Gameplay isn't bad, just kinda dull. There's one weapon that's clearly better than the rest (the machinegun), while the others are situational (and the grenade takes a lot of getting used to). Moreover, while the game's combat is somewhat satisfying thanks to punchy sound effects and the way the enemy reacts to getting shot, this has got to be the easiest Build-engine game out there. Maybe it's because the game wasn't balanced around strafing, but there isn't even a difficulty setting one could adjust. I died only three times in combat, and twice of those were due to gigantic (and pretty awesome) serpents that reside in lava. Most of your deaths will be due to bullshit factors. Several bits require you to have the invincibility powerup plus enough mana for it, but how could you know in advance when you're really required to use it? Otherwise you're forced to take damage from lava, falls, etc. There's also way too much jumping in this game, which feels uncomfortable due to how pitiful your jumps are (the game was obviously balanced around that, I get it), and swimming is sluggish as hell (and the less is said about fighting piranhas with the melee weapon the better). And while your foes tend to be rather inconsequential, the exception to this are wasps that inhabit the last quarter of the game in large numbers. Not only do they suffer from the same issues as other flying monsters in other Build games, the noise they make is akin to the unused "Blade Runner" flame in Duke3D in how pervasive and annoying it is. Moreover, there are only two weapons in the game that are effective against them.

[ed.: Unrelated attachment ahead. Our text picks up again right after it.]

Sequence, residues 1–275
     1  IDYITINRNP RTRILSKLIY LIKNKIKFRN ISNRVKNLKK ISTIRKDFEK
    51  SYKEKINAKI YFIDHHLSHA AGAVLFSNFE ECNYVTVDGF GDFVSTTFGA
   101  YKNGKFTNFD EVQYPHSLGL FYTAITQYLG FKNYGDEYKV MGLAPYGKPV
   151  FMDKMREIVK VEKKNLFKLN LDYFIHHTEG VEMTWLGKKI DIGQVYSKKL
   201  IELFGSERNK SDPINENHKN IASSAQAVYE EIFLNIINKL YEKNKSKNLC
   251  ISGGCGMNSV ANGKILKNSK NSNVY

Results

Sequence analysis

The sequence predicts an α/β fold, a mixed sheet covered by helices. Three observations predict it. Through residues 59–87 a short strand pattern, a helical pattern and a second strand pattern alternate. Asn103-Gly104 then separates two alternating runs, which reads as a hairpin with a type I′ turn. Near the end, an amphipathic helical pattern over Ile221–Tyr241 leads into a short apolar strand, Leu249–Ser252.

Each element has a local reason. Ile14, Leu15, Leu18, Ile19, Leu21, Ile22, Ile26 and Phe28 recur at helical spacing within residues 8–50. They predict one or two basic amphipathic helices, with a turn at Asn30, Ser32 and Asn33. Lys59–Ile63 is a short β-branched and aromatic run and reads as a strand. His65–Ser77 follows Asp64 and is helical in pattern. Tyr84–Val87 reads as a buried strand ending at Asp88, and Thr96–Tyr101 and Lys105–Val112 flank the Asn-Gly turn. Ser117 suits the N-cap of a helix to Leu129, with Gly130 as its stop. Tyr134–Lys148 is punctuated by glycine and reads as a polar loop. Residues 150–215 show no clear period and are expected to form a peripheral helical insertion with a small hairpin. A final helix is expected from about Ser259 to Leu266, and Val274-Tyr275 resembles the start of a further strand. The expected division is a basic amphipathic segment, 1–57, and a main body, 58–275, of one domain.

The last two maps are kinda exciting to play, although not all for the good reasons. They constrain your movement and rely excessively on wasps and limited ammo; you have to be careful with your choice of a weapon here. Still, I felt most engaged to the gameplay here - at least if it weren't for the fact that you can get permanently stuck in the last map, forcing a reset (i.e., die often enough to run out of lives).

Conclusion: I had low expectations going in, expecting a clunky and an unimpressive experience. It turns out Exhumed wasn't that bad. Its level design is mostly competent, even impressive in some ways, but suffers from the limitations of its theme. Gameplay is a more mixed bag. The checkpoint-based saving system is an improvement over savescumming, but combat is rather mediocre while presenting little challenge (beyond being stingy with ammo distribution toward the end). The powers are useful, but you shouldn't be required to have them at your disposal lest you're willing to take damage. All in all, Exhumed is worth a look, but it shows its age in a way some of the other Build games don't.

(The game never had a mapping community, nor even a map editor for public distribution back in the day, but recently MetHunter, Oasiz and Daedolon released a 3-level episode for the game along with some design documentation. The episode brings out some hidden features of the engine, including sloped surfaces, and in general boasts more ambitious design than the original levels. Oasiz's opener with its massive underground cavern brings out scale in a way the original maps couldn't, while Meth's rather lengthy follow-up features every trick in the Exhumed playbook, not to mention an impressive array of well-designed locations. The base-game's boss fights were so easy that throwing all three at you in the third map is more than called for to wrap up the episode - even if the last of these bosses got stuck inside a wall. And let's not forget LAW's pioneering first-ever usermap for the game, El-Gizah. It may not have the best visuals - having been released years before any modern ports - but it makes an effort to introduce some clever puzzles and a range of locations despite its short length. Moreover, it actually dares to venture beyond the style of the original maps, with its misty atmosphere giving the map a unique touch.)